From a discussion of "slipstream" on facebook:
I seem to remember that Sterling came up with "slipstream." Nowadays people call it "interstitial," though I don't, because I can neither spell nor pronounce it. Both terms come from within the science fiction community and apply (I think) to works that push at the traditional boundaries of SF. The words have nothing to do with fiction written outside SF. There is a lovely Halldor Laxness novel about a woman who is turned into a salmon and frozen in a glacier for decades, then recovered and turned back into a living woman. Not slipstream or inter-whatever, because those terms have no meaning in re Icelandic fiction of the first half of the 20th century. Calvino isn't slipstream. Nor is Borges. Lem might be, because he knew (and disliked) traditional SF.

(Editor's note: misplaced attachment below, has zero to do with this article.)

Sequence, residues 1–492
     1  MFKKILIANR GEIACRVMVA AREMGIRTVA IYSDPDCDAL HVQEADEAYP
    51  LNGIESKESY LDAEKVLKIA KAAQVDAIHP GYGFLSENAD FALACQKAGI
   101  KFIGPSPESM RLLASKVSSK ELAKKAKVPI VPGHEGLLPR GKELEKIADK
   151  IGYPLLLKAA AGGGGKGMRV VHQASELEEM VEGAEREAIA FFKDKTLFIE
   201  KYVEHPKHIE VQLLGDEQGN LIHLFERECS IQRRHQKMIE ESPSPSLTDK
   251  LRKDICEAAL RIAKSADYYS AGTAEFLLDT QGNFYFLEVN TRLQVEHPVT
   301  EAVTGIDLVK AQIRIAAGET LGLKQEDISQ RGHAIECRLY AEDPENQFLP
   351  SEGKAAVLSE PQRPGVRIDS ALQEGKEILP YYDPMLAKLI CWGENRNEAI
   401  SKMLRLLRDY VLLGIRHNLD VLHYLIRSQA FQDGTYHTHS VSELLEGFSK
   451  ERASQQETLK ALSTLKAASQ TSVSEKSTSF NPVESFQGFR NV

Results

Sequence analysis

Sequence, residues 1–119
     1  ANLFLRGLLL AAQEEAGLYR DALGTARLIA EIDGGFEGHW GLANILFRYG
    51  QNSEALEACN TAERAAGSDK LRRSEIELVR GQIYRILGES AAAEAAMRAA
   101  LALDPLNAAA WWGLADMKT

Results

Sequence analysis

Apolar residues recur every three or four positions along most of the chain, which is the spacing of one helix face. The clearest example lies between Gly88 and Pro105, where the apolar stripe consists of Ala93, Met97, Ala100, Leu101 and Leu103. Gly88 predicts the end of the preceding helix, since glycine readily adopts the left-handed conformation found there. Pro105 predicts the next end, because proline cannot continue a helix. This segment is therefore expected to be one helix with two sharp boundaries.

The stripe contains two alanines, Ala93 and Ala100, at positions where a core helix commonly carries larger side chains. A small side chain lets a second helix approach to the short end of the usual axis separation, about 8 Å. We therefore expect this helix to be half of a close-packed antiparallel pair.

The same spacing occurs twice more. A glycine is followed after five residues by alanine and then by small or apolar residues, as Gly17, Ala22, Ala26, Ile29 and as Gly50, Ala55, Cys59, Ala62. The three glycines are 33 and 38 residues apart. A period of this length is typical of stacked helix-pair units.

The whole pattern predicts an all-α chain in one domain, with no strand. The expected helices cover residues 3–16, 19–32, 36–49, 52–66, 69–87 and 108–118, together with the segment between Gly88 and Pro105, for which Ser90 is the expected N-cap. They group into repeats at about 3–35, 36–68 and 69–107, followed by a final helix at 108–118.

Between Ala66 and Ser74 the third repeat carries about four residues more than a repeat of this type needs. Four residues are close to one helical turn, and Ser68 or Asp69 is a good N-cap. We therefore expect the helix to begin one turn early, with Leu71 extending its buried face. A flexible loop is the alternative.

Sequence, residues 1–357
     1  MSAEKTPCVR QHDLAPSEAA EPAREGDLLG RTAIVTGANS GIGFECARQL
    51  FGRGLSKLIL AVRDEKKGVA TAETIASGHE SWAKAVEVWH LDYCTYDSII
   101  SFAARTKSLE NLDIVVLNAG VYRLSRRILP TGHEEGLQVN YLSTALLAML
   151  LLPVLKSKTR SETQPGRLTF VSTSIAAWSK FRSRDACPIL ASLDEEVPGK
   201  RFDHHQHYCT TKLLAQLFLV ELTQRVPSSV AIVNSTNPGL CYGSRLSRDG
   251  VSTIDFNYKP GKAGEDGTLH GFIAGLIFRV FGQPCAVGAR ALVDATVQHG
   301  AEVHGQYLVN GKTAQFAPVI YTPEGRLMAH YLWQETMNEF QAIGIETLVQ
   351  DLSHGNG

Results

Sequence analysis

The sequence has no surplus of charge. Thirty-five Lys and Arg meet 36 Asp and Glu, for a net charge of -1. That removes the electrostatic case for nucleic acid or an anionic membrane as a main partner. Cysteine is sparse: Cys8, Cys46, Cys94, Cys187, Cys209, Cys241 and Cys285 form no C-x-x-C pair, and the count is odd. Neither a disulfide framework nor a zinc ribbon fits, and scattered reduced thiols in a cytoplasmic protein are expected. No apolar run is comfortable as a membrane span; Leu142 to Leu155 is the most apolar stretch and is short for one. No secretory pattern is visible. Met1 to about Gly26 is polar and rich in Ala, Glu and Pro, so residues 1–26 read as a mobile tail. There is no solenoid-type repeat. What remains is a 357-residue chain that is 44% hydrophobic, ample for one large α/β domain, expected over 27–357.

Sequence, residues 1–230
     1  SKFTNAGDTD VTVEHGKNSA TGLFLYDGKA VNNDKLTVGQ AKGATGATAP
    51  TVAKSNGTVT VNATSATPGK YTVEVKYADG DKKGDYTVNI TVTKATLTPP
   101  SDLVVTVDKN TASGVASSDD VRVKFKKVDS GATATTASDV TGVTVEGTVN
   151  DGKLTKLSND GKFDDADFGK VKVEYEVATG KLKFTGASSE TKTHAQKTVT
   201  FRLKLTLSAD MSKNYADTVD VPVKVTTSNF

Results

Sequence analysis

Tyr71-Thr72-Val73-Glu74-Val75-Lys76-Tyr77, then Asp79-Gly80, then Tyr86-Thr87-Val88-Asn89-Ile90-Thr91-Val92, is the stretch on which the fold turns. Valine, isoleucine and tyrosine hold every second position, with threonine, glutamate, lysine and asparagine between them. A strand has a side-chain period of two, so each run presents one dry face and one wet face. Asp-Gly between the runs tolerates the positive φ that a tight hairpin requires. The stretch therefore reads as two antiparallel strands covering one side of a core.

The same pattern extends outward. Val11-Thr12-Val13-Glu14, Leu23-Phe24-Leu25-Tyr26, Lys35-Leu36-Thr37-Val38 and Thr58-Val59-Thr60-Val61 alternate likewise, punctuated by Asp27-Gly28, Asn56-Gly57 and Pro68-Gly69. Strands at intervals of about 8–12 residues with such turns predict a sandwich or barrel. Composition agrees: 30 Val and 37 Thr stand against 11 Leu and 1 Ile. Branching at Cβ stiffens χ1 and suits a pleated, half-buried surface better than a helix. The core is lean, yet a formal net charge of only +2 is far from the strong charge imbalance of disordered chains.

I think these terms do have meaning within SF and may be useful in the field.
I don't like the terms personally, but I am not a critic. I also have a firm position on my own fiction. If I write it, it's science fiction or fantasy, dead center in the field.